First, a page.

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Ask an expert: ‘How can I increase my state pension now the top-up scheme is closed?’

What to do if you're missing years of National Insurance credits

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Q. I’m due to receive my state pension in October next year, and I’ve just received my pension forecast. Over a decent-paying career, which will end next year, I’ve been saving into the state pension for 30 years and I was expecting to get more than what my statement told me.

I heard there was a scheme to top up your state pension but it has just closed. What are my options?

Supplied via email. 

A. Working out how much state pension you’ll end up with has always been a confusing business, especially since the new ‘flat-rate’ state pension was introduced last April.

You were born in 1953 and, from what you’ve said, you’d have made 31 years’ worth of National Insurance contributions by the time you reach state pension age at 65, if you’re still working and paying National Insurance. This looks like the reason you’re disappointed with your statement.

People who’ve reached state pension age after 6 April 2016 qualify for the flat-rate state pension, which combines the old basic and second state pension into one amount. In the 2017/18 tax year, the full amount is £159.55.

But you need 35 years’ worth of National Insurance contributions to get this full amount, so you’re four years short and your state pension will have been reduced accordingly.

Each year’s National Insurance credit is worth £4.55 a week (159.55 divided by 35 years). So, I suspect that your lower-than-expected state pension is around £141, and you’ve lost around £18 per week by having a four-year gap in your National Insurance record.

Buying extra National Insurance credits

Now for the good news. You can buy up to six years’ worth of additional ‘voluntary’ National Insurance credits to plug the gaps and top your state pension up to the full amount.

You say you’ve had a ‘decent-paying career’. If you earn more than £113 a week, you’ll pay ‘Class 3’ National Insurance contributions to plug the gaps in your record. But the rate you pay will depend on when you have gaps in your record, and when you pay for them by.

Normally, you can only plug gaps from the past six tax years. But the government is allowing people to buy voluntary contributions from as far back as 2006 to ensure they don’t lose out from the changes to the state pension that were introduced in 2016.

And you don’t need to decide whether this is an investment you want to make right now – you can wait until 2023 to make a decision.

How much do voluntary contributions cost?

The rate for Class 3 National Insurance contributions in 2017/18 is £14.25 per week, or £741 a year, and you usually pay this amount to make up previous years’ worth of contributions.

However, a slightly reduced rate of £14.10 per week, or £733.20 a year, is applied for the 2016/17 and 2015/16 tax years.

And buried in the depths of the government’s advice on voluntary contributions is the opportunity to make up the gaps at a discounted rate – if you purchase them by May 2019.

If the gaps in your National Insurance record are between 6 April 2006 and 5 April 2010, you’ll pay £13.25 per week, or £689 a year.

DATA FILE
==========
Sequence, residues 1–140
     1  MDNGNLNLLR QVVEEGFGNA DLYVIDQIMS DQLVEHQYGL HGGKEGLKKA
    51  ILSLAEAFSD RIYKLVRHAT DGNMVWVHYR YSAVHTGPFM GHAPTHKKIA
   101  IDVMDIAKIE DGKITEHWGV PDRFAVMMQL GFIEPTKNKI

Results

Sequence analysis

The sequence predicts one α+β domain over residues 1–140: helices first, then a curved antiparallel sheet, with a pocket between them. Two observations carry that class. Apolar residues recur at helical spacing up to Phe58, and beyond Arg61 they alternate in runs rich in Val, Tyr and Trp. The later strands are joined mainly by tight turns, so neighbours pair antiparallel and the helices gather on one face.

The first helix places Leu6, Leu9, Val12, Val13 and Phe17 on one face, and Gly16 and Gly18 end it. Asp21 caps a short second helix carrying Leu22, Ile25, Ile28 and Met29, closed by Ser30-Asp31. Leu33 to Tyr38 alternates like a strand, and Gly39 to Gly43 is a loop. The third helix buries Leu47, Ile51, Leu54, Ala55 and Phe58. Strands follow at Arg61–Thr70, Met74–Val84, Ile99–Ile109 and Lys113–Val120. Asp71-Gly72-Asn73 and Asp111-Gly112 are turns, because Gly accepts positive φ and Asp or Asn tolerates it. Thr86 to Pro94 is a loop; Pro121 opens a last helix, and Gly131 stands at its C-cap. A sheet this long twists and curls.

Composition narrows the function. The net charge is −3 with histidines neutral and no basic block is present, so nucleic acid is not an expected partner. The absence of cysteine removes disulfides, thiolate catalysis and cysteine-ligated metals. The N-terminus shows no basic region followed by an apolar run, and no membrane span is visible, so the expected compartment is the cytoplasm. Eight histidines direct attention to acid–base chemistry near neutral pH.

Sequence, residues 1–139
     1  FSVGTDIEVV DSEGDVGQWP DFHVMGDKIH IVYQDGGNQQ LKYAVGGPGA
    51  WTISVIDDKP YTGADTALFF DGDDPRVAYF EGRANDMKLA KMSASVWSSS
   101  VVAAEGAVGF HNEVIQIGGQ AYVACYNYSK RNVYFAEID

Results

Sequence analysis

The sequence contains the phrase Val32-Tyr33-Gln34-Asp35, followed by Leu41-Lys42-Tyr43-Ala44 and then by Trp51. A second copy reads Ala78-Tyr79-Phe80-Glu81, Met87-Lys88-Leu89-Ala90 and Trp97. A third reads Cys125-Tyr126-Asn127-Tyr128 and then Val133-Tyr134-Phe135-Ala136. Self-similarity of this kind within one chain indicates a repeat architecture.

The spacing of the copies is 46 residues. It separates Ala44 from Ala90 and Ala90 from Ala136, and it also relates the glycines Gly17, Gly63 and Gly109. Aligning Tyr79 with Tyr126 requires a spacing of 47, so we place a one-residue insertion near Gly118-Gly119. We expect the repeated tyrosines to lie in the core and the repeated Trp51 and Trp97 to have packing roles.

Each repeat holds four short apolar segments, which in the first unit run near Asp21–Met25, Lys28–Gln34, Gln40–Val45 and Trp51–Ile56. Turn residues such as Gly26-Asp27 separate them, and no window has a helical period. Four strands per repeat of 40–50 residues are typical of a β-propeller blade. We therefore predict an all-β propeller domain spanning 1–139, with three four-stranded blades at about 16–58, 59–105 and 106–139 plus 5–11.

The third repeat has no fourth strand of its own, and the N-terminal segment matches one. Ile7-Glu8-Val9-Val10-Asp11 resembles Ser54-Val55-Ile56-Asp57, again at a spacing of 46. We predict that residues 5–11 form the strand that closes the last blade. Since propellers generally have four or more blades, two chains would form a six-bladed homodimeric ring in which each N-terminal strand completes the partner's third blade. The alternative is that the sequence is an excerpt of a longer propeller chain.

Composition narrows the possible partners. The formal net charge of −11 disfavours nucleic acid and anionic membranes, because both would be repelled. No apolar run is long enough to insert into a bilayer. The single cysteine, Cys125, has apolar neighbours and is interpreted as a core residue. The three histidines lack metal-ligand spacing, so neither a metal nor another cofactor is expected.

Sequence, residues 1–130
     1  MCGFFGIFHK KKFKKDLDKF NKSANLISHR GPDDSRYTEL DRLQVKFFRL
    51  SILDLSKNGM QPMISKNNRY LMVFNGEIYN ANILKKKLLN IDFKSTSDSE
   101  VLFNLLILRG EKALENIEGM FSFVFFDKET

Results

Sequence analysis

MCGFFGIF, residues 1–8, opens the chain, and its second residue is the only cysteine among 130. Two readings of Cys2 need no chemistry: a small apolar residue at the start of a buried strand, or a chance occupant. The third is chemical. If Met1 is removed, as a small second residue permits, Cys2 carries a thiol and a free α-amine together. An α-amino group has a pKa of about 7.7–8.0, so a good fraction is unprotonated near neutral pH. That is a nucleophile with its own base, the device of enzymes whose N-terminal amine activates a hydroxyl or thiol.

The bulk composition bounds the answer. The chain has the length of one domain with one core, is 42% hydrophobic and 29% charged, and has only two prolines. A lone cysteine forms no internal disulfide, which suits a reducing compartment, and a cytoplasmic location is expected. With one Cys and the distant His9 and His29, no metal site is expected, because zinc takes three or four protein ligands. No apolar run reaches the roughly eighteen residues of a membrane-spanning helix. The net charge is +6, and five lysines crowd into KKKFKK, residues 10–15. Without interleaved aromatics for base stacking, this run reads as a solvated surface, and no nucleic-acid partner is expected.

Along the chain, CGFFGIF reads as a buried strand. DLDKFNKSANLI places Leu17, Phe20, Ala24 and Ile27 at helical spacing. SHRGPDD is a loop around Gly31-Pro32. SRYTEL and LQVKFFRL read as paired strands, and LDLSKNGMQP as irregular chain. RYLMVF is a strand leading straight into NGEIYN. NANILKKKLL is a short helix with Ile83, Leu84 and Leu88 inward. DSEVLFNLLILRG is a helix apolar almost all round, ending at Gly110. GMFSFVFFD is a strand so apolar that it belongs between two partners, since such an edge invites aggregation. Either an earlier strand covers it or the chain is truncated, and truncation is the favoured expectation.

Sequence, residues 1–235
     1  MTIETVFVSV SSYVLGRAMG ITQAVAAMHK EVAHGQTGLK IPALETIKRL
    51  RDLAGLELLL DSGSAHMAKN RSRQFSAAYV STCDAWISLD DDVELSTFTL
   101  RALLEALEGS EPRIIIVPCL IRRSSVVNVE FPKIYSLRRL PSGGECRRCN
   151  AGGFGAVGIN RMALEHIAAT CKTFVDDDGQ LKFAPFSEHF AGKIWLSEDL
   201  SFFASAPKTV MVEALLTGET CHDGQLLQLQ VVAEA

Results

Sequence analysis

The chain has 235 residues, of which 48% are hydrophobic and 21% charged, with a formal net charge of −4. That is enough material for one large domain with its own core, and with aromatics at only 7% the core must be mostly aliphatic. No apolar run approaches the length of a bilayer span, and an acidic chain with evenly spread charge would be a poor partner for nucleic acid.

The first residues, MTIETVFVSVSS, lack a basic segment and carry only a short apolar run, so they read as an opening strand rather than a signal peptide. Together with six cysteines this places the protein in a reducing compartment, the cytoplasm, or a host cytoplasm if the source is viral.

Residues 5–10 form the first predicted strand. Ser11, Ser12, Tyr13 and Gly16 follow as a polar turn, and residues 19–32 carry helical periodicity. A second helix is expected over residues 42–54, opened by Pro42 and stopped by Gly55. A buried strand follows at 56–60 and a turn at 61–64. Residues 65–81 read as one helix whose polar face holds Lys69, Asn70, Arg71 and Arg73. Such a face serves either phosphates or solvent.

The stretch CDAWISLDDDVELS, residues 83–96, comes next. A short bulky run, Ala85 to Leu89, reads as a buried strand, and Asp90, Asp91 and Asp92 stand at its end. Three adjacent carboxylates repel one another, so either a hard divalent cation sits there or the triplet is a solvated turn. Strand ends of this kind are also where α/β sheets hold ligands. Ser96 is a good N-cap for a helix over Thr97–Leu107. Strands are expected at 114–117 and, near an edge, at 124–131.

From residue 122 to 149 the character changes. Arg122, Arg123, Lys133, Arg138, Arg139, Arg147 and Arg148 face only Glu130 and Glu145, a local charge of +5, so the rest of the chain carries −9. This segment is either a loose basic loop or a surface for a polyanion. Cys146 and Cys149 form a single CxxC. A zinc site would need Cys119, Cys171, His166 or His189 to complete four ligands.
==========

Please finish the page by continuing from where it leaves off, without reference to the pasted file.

For any gaps you have after 6 April 2010, the rates differ depending on the tax year in which your gap falls. We’ve laid this out in a handy table.

Tax year 2010/11 2011/12 2012/13 2013/14
Weekly rate £12.05 £12.60 £13.25 £13.55
Annual amount £626.60 £655.20 £689 £704.60
Tax year 2014/15 2015/16 2016/17 2017/18
Weekly rate £13.90 £14.10 £14.10 £14.25
Annual amount £722.80 £733.20 £733.20 £741

Should I buy voluntary contributions?

To fill all four years’ worth of contributions, you’re looking at an outlay of between £2,600 and £2,900, which will buy you around £900 of extra state pension income per year. So, it will take about three years to recoup the cost of buying additional credits.

If you’re in good health, the chances are you’ll be able to enjoy the ‘profits’ from this investment through increased state pension after those three years have passed. But if you’re not, you may want to weigh up whether your money might be better spent elsewhere.

Any increase in the state pension could also increase your tax bill. The state pension is paid ‘gross’ (untaxed) but a bump in your weekly pay, added to any other income, may push you into a higher tax bracket.

How to make voluntary contributions

You can check your National Insurance record online, and see where the gaps are.

Paying voluntary contributions is easy – all you need to do is set up a direct debit. The government has lots of information on different ways to pay.

Deferring your state pension

Another way to increase your state pension would be to delay when you take it.

If you defer your state pension for a year, it will increase by 5.8%. This would boost the current state pension to £168.80 per week.

However, this isn’t always the best deal – it takes around 17 years to earn back the year’s worth of state pension you’ve forgone.

Ending the state pension top-up scheme

You’re right that there was a scheme to top up your state pension, which closed in April 2017.

But this was only available for people who reached state pension age before 6 April 2016, and weren’t benefitting from the higher flat-rate pension.

It enabled them to buy up to £25 of additional state pension income in exchange for a cash lump sum. This, unfortunately, was never an option for you, but making voluntary contributions could help build up a bigger state pension for next year when you come to collect it.

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